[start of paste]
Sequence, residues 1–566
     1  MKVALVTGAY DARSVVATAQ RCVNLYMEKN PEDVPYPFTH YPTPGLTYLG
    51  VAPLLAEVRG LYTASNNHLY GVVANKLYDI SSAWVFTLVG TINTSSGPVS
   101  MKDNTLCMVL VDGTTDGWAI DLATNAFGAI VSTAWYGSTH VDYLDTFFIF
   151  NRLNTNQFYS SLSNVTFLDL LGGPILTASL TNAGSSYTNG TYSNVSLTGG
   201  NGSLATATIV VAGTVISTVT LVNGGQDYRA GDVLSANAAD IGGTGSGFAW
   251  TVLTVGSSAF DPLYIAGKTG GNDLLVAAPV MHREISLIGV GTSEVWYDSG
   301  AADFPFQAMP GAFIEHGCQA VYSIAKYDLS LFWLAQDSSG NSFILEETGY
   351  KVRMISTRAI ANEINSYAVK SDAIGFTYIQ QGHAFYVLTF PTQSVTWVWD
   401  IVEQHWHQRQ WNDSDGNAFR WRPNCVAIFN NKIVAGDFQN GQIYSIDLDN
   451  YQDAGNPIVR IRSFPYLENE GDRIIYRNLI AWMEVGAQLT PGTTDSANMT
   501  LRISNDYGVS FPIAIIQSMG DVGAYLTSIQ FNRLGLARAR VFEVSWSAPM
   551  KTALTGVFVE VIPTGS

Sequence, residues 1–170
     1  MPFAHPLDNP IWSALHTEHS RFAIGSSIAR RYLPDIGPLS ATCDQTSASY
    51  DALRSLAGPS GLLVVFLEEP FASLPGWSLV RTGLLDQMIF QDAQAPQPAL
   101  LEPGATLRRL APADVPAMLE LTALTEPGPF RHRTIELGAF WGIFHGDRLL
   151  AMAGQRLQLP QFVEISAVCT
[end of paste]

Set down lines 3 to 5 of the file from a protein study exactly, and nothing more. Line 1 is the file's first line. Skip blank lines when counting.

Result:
    51  VAPLLAEVRG LYTASNNHLY GVVANKLYDI SSAWVFTLVG TINTSSGPVS
   101  MKDNTLCMVL VDGTTDGWAI DLATNAFGAI VSTAWYGSTH VDYLDTFFIF
   151  NRLNTNQFYS SLSNVTFLDL LGGPILTASL TNAGSSYTNG TYSNVSLTGG